Do not adjust the light lower than what is needed for the plants in your tank.
For algae attached to surfaces, scrape it off using an algae scraper or sponge. Algae can adhere strongly to tank walls.
Do not be tempted to push hard while scrubbing the algae. It is very easy to weaken tank seams or cause other damage from excessive pressure.
If you have plastic plants, heaters, or decorations with algae on them, remove them and scrub them in hot water.
Some people recommend soaking them in bleach solution, however I don’t feel comfortable with any kind of chlorine in the aquarium.
If you have live plants, follow Method #1: Live Plant Maintenance to remove algae from them.
Add more plants to the tank to absorb more nitrates.
If you continue to have massive algae problems for more than 4 months, consider setting up a new tank and moving at least half the fish or other ammonia producing inhabitants into it.
Method #4: Gravel Cleaning
One of the really nice things about a battery powered aquarium siphon is they come with a filter bag that fits the siphon outlet. This allows you to clean the gravel without having to replace the water.
On the other hand, if you also need to do a partial water change, you can simply attach a hose to the siphon’s outlet and let it drain into a bucket.
Here are the basic steps for both types of gravel cleaning:
Install Bubble Up Filter and Air Stones. Both methods of gravel cleaning will stir up a good bit of debris.
The filter should be stocked from the bottom up as follows: mix 75% activated carbon and 25% zeolites to fill the filter cup halfway. Fill the rest of the space with an aquarium safe filter floss.
If you are not planning to do a partial water change, attach the siphon’s filter bag to the outlet.
Vacuum the gravel by gently pushing the gravel cleaner end into the gravel. Raise and lower the siphon to make the gravel drop back down. You will see large amounts of debris coming up.
When the water coming up is clean, move the siphon to the next area of gravel. Continue vacuuming until you are done with all the gravel in the tank. As you move the siphon, make sure the water flows back into the tank.
If you are planning to do a partial water change, make sure the tank is topped off 3 – 4 days before you vacuum the tank. This will give the inhabitants time to adjust to water chemistry changes.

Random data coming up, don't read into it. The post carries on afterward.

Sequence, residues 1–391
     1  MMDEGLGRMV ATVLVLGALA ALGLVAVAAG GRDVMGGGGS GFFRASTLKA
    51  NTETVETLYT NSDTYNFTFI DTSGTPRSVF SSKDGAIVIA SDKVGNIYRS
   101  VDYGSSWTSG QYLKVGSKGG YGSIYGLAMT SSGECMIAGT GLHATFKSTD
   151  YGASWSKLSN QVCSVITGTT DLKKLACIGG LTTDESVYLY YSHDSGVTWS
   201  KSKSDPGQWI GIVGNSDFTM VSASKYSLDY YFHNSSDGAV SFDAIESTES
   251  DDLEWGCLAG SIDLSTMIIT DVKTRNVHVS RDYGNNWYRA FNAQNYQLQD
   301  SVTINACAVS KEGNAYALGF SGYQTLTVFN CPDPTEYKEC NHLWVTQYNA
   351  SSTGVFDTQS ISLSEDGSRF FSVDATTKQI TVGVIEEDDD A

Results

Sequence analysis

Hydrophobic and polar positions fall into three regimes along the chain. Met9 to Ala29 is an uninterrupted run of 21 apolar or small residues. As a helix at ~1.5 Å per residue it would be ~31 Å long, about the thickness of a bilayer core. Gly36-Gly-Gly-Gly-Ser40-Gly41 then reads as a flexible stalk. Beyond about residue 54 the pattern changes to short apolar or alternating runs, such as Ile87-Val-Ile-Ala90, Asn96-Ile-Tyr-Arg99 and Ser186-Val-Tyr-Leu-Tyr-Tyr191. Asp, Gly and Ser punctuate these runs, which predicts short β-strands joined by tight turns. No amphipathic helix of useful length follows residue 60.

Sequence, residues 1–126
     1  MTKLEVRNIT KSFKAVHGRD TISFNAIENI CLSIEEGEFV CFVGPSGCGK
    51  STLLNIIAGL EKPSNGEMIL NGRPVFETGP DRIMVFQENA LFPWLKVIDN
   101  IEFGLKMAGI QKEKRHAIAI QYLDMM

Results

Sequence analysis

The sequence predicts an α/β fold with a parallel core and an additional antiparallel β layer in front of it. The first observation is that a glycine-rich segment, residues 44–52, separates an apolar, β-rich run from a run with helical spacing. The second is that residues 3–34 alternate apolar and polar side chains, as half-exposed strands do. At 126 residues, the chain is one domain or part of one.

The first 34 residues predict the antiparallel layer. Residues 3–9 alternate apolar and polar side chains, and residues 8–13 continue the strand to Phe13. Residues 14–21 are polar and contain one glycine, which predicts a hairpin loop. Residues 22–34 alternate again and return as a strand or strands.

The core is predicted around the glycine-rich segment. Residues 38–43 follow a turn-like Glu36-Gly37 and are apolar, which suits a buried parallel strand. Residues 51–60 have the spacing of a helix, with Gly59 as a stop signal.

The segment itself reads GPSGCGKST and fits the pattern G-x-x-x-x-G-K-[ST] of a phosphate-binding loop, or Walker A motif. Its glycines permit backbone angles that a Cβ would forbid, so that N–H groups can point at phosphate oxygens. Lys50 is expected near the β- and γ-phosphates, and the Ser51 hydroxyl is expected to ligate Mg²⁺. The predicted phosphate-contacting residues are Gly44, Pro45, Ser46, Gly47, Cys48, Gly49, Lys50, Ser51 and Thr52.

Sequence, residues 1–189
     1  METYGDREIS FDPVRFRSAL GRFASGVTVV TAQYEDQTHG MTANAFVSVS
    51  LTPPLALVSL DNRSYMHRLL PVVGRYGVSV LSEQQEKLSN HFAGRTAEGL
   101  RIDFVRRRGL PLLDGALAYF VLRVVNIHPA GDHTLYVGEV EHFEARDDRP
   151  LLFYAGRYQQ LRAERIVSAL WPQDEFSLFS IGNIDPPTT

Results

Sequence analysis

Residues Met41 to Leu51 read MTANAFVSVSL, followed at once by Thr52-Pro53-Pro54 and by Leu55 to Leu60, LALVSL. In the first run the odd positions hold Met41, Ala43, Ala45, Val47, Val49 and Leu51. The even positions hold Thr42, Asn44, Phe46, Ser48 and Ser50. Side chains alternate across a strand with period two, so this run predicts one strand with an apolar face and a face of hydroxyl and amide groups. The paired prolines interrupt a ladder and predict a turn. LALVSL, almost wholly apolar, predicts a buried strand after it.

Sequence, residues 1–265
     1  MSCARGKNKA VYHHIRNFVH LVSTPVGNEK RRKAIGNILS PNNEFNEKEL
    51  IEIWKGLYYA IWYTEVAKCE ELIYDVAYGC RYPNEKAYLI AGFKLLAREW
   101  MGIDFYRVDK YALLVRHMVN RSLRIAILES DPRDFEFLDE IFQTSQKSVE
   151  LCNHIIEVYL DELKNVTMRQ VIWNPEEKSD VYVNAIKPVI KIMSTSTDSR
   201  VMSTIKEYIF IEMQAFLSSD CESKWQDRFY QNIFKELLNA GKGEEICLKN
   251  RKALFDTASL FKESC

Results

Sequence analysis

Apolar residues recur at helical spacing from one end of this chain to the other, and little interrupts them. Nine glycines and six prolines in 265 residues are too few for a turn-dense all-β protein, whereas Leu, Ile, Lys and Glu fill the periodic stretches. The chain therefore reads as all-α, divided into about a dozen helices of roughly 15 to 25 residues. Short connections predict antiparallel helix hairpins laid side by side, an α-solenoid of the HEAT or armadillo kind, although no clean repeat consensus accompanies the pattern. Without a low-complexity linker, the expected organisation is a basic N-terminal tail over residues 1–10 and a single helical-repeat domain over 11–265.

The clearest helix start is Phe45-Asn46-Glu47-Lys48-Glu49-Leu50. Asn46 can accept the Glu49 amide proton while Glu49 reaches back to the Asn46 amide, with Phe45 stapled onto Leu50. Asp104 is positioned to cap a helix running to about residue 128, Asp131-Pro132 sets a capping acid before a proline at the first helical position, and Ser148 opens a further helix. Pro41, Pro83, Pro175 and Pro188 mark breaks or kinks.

Attach a hose to the siphon and make sure that the free end goes into a bucket.
Vacuum the gravel until you have removed the percentage of water you plan on replacing.
While the water level is lower, scrape algae, clean tank decorations, or tidy up the tank as needed. Contrary to other aquarists, I always scrape algae after dropping the water levels. This way, more algae gets caught in the sponge and less goes in the water.
Replace the water one gallon at a time using gallon sized plastic bags. Float each bag for 30 – 45 minutes.
Do not remove the bubble-up filter and airstones until the water is clear and water chemistry is balanced. Follow the steps for Method #2: Water Chemistry Management to complete this task.
Method #5: Filter Maintenance
Contrary to the beliefs of some, when you discard filter media, you are also discarding beneficial bacteria. This is why you should avoid completely changing the filter media.
Depending on the filter type, here are some things you can do the preserve the biofilter as much as possible:
If you use bubble up filters, leave 25% of the floss in the filter. Do not wash this 25%, rinse it, or remove anything from it. Unless the rest of the floss is extremely grungy, just rinse it with room temperature tap water and put it back in the filter.
For overhead cannister filters, change the filters as recommended by the manufacturer. Add a bubble up filter and fill it with floss. You can also use this filter for softening pillows, nitrate absorber pads, and any other required filter media.
Even in a well balanced tank with plenty of plants, activated carbon will only last so long. Change the activated carbon at least once a month.